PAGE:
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telling us that these dogs were called Spaniels because they came from Spain.

The following distinct breeds or varieties are recognised by the Kennel Club : (1) Irish Water Spaniels ; (2) Water Spaniels other than Irish ; (3) Clumber Spaniels ; (4) Sussex Spaniels ; (5) Field Spaniels ; (6) English Springers ; (7) Welsh Springers ; (8) Cocker Spaniels. Each of these varieties differs considerably from the others, and each has its own special advocates and admirers, as well as its own particular sphere of work for which it is best fitted, though almost any Spaniel can be made into a general utility dog, which is, perhaps, one of the main reasons for the popularity of the breed.

II. THE IRISH WATER SPANIEL.-There is only one breed of dog known in these days by the name of Irish Water Spaniel, but if we are to trust the writers of no longer ago than half a century there were at one time two, if not three, breeds of Water Spaniels peculiar to the Emerald Isle. These were the Tweed Water Spaniel, the Northern Water Spaniel, and the Southern Water Spaniel, the last of these being the progenitors of our modern strains.

The history of the Irish Water Spaniel is in many ways a very extraordinary one. According to the claim of Mr. Justin McCarthy, it originated entirely in his kennels, and this claim has never been seriously disputed by the subsequent owners and breeders of these dogs. It seems improbable that Mr. Justin McCarthy can actually have originated or manufactured a breed possessing so many extremely marked differences and divergences of type as the Irish Water Spaniel ; but what he probably did was to rescue an old and moribund breed from impending extinction, and so improve it by judicious breeding, and cross-breeding as to give it a new lease of life, and permanently fix its salient points and characteristics. However that may be, little seems to have been known of the breed before he took it in hand, and it is very certain that nearly every Irish Water Spaniel seen for the last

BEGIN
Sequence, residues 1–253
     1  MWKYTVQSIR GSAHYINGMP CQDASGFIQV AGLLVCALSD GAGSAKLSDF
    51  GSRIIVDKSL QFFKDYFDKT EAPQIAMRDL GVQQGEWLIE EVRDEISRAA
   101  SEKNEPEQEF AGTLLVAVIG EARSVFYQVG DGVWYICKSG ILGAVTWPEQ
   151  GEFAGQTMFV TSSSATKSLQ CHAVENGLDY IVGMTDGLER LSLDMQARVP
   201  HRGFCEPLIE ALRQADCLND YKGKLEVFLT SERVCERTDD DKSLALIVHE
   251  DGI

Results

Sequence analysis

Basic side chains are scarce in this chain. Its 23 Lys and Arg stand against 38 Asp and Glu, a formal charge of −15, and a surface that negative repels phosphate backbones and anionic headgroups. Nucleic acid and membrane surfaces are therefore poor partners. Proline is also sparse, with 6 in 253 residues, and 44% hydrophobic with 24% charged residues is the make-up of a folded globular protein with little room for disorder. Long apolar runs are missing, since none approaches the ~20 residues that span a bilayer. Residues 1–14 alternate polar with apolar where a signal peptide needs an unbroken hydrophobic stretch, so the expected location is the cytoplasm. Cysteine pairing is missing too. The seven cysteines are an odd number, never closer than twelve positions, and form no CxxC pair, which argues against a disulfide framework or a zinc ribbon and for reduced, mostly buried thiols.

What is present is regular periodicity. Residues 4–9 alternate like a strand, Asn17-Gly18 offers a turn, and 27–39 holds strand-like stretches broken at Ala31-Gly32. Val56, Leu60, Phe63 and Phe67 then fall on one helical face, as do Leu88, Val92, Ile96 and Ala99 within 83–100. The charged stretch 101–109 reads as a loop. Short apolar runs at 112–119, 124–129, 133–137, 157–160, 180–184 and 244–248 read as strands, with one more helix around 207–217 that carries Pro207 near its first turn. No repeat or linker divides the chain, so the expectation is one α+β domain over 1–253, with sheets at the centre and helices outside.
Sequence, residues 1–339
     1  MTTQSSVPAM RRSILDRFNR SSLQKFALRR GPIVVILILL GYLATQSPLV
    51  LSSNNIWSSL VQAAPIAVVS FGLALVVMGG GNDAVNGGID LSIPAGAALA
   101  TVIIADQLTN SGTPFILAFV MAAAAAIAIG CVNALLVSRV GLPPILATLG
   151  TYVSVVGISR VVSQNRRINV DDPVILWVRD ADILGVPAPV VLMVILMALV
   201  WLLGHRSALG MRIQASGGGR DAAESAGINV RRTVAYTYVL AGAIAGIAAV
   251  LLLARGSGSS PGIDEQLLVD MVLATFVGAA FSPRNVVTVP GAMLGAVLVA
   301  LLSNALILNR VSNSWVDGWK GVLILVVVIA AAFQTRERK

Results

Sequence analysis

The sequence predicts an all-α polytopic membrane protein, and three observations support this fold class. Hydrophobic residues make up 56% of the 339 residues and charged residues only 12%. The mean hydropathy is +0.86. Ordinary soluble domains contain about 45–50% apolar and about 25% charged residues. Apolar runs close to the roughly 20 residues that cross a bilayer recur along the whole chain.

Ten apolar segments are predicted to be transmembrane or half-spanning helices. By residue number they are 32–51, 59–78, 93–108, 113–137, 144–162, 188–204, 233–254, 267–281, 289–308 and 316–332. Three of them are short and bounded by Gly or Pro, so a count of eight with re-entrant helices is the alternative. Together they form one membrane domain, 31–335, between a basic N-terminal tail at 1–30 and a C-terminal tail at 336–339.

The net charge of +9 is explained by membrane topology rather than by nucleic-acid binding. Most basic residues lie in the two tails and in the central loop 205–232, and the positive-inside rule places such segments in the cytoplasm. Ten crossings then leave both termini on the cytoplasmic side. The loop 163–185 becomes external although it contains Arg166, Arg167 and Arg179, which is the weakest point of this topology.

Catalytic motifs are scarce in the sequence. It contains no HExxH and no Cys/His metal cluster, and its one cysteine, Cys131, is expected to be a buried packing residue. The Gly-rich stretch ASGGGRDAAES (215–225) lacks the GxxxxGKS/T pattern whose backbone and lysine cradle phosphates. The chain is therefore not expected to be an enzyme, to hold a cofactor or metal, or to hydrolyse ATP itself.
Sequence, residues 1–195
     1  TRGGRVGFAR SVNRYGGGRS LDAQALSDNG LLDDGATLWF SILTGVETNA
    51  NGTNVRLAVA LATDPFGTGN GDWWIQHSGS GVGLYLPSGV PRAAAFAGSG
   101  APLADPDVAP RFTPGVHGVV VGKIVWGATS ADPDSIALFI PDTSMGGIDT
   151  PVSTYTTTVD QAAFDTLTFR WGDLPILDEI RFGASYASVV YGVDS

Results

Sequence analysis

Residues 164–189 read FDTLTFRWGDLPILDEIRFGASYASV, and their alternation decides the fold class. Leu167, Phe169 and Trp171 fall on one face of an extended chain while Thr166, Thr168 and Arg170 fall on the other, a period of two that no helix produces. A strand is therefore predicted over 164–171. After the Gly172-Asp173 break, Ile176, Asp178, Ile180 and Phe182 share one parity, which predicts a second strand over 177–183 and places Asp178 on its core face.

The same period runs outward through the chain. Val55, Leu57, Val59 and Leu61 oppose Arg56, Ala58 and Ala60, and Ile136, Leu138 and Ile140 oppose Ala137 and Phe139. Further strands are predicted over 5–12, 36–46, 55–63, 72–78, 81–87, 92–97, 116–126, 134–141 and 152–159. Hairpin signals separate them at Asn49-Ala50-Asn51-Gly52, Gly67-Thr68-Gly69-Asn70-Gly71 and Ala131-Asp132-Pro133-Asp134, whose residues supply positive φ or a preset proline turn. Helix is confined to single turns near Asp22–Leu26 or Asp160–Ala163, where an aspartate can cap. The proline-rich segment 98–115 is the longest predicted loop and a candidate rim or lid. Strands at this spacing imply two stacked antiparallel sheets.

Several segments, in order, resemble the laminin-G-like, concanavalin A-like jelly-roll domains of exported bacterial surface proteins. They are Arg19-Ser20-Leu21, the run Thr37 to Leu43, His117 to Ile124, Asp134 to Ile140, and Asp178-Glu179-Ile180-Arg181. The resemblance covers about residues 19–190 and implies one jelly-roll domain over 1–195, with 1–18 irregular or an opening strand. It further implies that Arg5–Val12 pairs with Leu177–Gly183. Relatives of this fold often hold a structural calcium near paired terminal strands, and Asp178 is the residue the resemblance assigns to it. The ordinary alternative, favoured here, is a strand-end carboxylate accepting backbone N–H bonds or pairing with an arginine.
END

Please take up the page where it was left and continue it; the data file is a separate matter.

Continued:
half century owes its descent to his old dog Boatswain, who was born in 1834 and lived for eighteen years. He must have been a grand old dog, since Mr. McCarthy gave him to Mr. Joliffe Tuffnell in 1849, when he was fifteen years old ; and his new owner subsequently bred by him Jack, a dog whose name appears in many pedigrees.

It was not until 1862 that the breed seems to have attracted much notice in England, but in that year the Birmingham Committee gave two classes for them, in which, however, several of the prizes were withheld for want of merit ; the next few years saw these dogs making great strides in popularity and, classes being provided at most of the important shows, many good specimens were exhibited.

During the last few years, however, the breed seems to have been progressing the wrong way, and classes at shows have not been nearly so strong, either in numbers or in quality, as they used to be. Yet there have been, and are still, quite a large number of good dogs and bitches to be seen, and it only needs enthusiasm and co-operation among breeders to bring back the palmiest days of the Irish Water Spaniel.

There is no member of the whole canine family which has a more distinctive personal appearance than the Irish Water Spaniel. With him it is a case of once seen never forgotten, and no one who has ever seen one could possibly mistake him for anything else than what he is. His best friends probably would not claim beauty, in the aesthetic sense, for him ; but he is attractive in a quaint way peculiarly his own, and intelligent-looking. In this particular his looks do not bewray him ; he is, in fact, one of the most intelligent of all the dogs used in aid of the gun, and in his own sphere one of the most useful. That sphere, there is no doubt, is that indicated by his name, and it is in a country of bogs and marshes, like the south and west of Ireland, of which he was originally a native, where snipe and wildfowl provide the staple sport of the gunner, that he is in his element and



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